You're still running Windows XP? Still planning to run it after April 8, the last time it will be patched for security problems? If you're alert enough to be reading this article then surely you know that Microsoft and every security expert in the world have been telling you for years that this day would come and that you really, really ought to have moved on to a more modern and supported operating system by then.
But you're going to keep running XP anyway. You've got a good reason! It's probably one of the ten we explore here.
Spoiler: At bottom, none of these excuses is a good reason. After so many years of notice, you really should have found some way to move on. True, some situations and mitigating circumstances are stronger than others, but everyone has had years to work on this. If it blows up on you, it's on you.
You've got some old hardware device for which there are no drivers past Windows XP. It's true, there's a lot of this, and just because they never made a Vista or later driver for your ten year old scanner or multifunction printer or that crazy internal mass storage device you have, well, it still works.
The sad truth for you is that your device company may have ripped you off by not writing drivers, but it's been a long time now and you're just going to have to spend the money for a new device and possibly a new computer. Whatever that device is, there's something you can buy to replace it that's better, and probably a lot cheaper than what you paid for the old one. And your computer won't be wide open to attack.
Many expiration dates on products are phoney. Even bottles of water have "USE BY" dates! But software expiration dates are for real. Running an operating system — especially Windows XP, the most attacked operating system in the history of mankind — beyond the point where vulnerabilities in it will be fixed is like eating raw shellfish that has been sitting out in the heat for a couple days. You're not necessarily going to get sick, but...
Yes, your computer still turns on and does the relatively simple things you want it to do. It's still a big risk to use it, and you have only yourself to blame when something goes wrong.
So the programmer died in 2002 and there won't be any new versions, but you still use this program. You've known for years that this day would come, and you haven't gone to the effort to move to a new, supported program on a supported operating system. Whose fault is this?
If the program won't work on Windows Vista, 7 or 8, then for sure the company (if it's still in business) doesn't support it either. Maybe they've been nagging you to upgrade too.
After Windows XP Microsoft greatly improved activation and piracy is way down. In fact, the cost of Windows on a new PC really isn't that much, and even a retail copy of Windows isn't a lot compared to the time, trouble and risk it takes to get a pirated version.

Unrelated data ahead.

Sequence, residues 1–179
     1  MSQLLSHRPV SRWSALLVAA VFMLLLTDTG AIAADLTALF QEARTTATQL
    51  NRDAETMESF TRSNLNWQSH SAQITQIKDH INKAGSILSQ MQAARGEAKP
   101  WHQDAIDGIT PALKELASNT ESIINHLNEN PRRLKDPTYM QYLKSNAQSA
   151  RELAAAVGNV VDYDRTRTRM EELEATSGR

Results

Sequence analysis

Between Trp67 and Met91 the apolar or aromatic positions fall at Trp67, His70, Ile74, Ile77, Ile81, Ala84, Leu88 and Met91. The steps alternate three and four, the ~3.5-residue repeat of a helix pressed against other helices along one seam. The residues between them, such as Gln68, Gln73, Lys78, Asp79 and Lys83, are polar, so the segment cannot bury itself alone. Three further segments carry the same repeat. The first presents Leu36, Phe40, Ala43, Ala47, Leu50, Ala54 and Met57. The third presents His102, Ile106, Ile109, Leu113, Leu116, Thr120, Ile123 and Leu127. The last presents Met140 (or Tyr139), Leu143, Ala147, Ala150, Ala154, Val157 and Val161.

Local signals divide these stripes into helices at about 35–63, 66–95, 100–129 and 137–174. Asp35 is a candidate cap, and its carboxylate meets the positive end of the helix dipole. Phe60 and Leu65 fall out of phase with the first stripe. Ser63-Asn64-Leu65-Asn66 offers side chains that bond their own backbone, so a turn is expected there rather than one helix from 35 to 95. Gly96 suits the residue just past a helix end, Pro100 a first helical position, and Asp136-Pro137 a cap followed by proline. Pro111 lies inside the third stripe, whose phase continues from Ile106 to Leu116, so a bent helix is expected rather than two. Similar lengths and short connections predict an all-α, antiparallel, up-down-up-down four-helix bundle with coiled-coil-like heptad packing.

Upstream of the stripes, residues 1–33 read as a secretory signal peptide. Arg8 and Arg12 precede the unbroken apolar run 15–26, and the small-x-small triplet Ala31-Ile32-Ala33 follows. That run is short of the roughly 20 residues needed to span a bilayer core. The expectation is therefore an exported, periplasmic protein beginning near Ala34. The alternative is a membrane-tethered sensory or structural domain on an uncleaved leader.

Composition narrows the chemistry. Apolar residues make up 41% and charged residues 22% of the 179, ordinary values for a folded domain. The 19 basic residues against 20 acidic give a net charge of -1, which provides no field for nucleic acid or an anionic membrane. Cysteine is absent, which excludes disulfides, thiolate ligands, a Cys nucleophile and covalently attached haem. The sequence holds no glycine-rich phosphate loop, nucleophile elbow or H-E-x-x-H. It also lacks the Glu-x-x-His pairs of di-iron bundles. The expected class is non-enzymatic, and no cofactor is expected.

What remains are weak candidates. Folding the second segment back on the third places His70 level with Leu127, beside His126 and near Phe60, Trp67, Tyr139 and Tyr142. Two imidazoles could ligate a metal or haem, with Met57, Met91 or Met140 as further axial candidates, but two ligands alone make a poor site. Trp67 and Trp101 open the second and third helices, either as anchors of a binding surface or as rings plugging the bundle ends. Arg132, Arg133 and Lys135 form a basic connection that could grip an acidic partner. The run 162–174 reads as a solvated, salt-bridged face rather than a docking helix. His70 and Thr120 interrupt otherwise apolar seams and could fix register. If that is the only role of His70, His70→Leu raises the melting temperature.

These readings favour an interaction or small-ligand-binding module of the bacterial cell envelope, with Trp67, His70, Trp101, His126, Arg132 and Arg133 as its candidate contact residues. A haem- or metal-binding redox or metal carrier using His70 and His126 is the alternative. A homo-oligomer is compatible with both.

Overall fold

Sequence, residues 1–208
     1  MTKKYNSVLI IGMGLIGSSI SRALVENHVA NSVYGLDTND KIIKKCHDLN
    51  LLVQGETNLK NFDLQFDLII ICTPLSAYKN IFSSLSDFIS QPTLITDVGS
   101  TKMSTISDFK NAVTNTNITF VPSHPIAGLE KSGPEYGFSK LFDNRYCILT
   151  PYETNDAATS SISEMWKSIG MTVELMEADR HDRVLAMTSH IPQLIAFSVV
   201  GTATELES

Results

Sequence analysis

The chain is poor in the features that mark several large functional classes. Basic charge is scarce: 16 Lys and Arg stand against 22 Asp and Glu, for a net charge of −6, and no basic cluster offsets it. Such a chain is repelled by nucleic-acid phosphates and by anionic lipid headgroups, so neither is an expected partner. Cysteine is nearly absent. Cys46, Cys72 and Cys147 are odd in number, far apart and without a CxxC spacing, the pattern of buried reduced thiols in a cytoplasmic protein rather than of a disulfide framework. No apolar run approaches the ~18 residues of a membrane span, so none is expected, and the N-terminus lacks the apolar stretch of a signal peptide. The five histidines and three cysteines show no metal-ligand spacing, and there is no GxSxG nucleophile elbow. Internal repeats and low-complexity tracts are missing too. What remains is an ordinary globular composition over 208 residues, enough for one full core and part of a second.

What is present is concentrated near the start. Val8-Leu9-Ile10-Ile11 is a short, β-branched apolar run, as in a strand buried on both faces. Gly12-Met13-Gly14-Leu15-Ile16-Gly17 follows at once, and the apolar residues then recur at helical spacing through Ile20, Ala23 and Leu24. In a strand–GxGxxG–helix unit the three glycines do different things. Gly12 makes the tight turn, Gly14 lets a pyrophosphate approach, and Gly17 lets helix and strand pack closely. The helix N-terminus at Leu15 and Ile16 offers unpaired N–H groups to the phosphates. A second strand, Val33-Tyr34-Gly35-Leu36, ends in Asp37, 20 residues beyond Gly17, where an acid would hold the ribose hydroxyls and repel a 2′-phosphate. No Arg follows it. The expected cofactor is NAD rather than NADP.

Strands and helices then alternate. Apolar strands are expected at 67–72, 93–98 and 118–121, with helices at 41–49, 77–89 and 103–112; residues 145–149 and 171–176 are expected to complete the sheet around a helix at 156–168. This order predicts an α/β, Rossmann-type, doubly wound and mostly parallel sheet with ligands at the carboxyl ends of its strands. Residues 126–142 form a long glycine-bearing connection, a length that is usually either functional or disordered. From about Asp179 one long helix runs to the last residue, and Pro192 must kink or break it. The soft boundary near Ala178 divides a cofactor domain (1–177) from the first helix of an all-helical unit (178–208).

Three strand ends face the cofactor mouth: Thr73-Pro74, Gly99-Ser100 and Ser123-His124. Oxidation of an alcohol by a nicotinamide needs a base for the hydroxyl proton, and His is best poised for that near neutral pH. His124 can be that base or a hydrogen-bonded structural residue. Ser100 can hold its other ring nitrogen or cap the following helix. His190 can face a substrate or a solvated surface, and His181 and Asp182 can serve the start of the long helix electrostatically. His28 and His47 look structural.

OK, if that's really true then:
True, Microsoft is not always a sympathetic bunch. In an era when more and more software appears to be free, it's galling to shell out money for a new version of something you already bought (or pirated). Of course, the companies that give you all that free software are probably scanning all your data and keeping track of who you communicate with. Exactly who is evil?
There's a strong element of excuse #5 (your IT are idiots) in this one, but it's even worse. Everyone in the company is doomed to run a truly awful browser. One which is shunned even in the third world.
Any web code that requires IE6 is broken. Period. I have to repeat my earlier conclusions and advice:
Hey, I've been there, a bunch of times. Yes, it takes a while, but if you have the install media and are organized, you can do it and it's worth it.
There are tools, like LapLink's PC Mover, which claim to automate the process. I've never run these tools, but they've been around a long time and there's no reason they shouldn't work most of the time.
[UPDATE: I swear it's complete coincidence, but one hour after this article was posted Microsoft announced that they will make a free version of PC Mover available. "This tool will copy your files, music, videos, email and user profiles and settings from your old PC to your new device, transferring across your home or work network, and even enables Windows XP users to customize exactly what they want to bring over to their new device." It doesn't bring software though, and so the offer presents a big upsell opportunity for LapLink to get you to buy one of the not-free, but not expensive versions that do attempt to move applications. ]
You've got a really old PC, don't you? Yes, if you're not willing to upgrade some hardware, you're stuck with XP. But don't kid yourself that it's running just fine. You may not appreciate what a jalopy your old PC is compared to what you can get for even $300 these days.
Image source: Microsoft Technet
Oh. Well, maybe this is a good reason. After all, Briefcase is a great way to synchronize files between two PCs. Or at least it was before the Internet was invented, and especially since free cloud services became ubiquitous. Briefcase is obsolete. There's a better way.
But "Briefcase" here is really a metaphor for all obsolete work habits that are frozen in time ten or more years ago, and don't just move over to modern computing unimproved. Open up to some new habits and you'll find you're better off.